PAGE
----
The day includes: Zoom meetings, shopping in department stores, thrift stores, fabric stores, going to costume shops to pull vintage clothing, searching the internet on Etsy and eBay for vintage things, and fittings with actors. I have assistants who are helping me with each project, so I’m not doing this alone. You must develop a good team to help; a good team is the key to success.

How many months out of the year do you work?

At Saturday Night Live, the schedule is September through May, and we shoot 21 weeks during that time. But because I love what I do, I tend to work 11 out of 12 months.

Favorite part of the job?

Having that moment in the fitting when the actor says, “Yes… I see, this is the character.”

Tom Broecker. Photo Courtesy of SNL/NBC

Least favorite part of the job?

Budget talks… ugh.

Please tell us about a moment that made you love your job even more?

This happened recently: I will call it the Kamala White Suit Moment. It happened last season, the day that Biden accepted the nomination. We had a show, and Dave Chappelle was hosting; the cold opening had been written based on a speech from the previous night. We decided to update Kamala’s look after the speech she gave at 8 PM on Saturday night. My crew went into overdrive to do this, and the team was amazing. And Maya as Kamala went on the live show in a new look which matched the 8 PM live speech. This made me love my job again because it showed the world what we do on SNL. This is a live show. We have the luxury of making changes up until the very end, and we have an incredible team who can allow us to pull off things like this. Nowhere else in the world can something like this happen.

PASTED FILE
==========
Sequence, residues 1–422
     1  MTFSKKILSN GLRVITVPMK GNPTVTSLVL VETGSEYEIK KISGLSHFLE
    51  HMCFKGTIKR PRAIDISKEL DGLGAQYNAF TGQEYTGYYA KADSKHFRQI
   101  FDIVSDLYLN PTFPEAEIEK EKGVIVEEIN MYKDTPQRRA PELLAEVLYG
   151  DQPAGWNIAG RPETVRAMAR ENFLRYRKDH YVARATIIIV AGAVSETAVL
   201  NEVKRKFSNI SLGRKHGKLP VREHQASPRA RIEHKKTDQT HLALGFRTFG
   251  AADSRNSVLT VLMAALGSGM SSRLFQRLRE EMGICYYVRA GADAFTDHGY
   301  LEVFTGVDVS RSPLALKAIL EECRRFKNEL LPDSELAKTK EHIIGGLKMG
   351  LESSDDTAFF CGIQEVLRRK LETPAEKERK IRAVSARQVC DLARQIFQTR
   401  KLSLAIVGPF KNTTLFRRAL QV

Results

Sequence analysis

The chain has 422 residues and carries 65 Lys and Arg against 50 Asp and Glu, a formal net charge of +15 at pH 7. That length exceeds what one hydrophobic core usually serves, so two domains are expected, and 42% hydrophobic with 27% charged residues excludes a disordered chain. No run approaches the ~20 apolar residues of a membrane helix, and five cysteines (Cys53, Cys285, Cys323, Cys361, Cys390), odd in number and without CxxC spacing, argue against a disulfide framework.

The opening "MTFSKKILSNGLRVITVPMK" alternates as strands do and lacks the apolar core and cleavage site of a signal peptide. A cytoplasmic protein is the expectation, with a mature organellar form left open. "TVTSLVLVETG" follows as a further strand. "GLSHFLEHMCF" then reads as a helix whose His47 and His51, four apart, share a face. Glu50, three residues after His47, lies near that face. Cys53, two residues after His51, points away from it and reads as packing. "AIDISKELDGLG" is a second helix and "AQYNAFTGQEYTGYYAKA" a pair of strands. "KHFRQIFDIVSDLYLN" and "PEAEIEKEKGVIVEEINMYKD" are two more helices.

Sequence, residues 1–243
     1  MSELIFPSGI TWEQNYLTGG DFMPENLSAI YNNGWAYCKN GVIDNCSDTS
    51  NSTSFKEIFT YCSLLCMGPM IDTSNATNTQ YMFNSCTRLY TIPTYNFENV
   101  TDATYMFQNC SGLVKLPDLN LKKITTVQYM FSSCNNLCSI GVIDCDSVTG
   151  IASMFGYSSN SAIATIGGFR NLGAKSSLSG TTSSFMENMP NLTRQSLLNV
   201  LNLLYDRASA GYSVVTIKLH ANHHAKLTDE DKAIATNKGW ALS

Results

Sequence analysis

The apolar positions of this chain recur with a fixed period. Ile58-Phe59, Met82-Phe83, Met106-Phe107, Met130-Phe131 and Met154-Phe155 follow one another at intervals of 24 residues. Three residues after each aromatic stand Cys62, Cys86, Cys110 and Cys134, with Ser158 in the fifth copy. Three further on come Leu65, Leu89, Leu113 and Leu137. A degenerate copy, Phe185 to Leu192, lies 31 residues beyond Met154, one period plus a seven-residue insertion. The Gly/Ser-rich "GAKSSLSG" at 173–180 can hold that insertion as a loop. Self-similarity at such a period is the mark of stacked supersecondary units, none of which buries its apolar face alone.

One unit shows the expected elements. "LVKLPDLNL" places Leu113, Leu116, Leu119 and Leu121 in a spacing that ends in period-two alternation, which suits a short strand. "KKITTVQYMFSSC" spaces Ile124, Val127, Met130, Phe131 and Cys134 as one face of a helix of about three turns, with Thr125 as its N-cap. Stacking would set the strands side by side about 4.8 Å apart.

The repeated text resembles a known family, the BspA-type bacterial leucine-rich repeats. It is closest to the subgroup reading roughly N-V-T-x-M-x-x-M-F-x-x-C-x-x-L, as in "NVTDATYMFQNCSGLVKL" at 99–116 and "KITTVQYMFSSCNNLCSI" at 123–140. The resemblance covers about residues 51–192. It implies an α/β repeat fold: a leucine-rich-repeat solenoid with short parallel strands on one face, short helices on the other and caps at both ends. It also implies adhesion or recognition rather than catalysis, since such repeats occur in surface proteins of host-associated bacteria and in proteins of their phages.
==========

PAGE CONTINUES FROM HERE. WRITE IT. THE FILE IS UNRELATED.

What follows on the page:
Jim Carrey and Maya Rudolph. Photo Courtesy of SNL/NBC

Are there aspects of the job that ever make you think—this is crazy, why am I doing this?

Yes, the time element of my job is crazy—the last-minute changes, the dealings, putting together a show in two days. It’s thrilling and crazy. Every minute of the day, I think, ‘Why am I doing this? This is crazy.’

What does the job require you to wear?

I can wear whatever I want; there is no dress code. I have developed a uniform overtime—mostly because at 5:30 AM I don’t want to have to think about what I want or need to wear, so I have uniformed myself. I usually wear navy or military green chinos; I have three brands I’m liking right now: Hope, Mason Brand, and Nudie Jeans. Shirt is usually a button-down—Officine Générale, FRAME, A.P.C or J. Crew—in the colors Oxford cloth blue, white, pink, or light grey. On Saturdays my uniform is black or dark navy, and I add a lightweight jacket like a Rag & Bone or Acne because it’s show night. I will be on the floor, and I need to blend into the scenery.  

Donald Glover and Kenan Thompson. Photo Courtesy of SNL/NBC

What essentials does the job require? 

A mask must be worn at all times; we no longer need a face shield, but for a while, we needed to wear a plastic face covering when we did fittings. I always have my mask, hand sanitizer, and try my best to always have my manners, be polite, and have a sense of humor.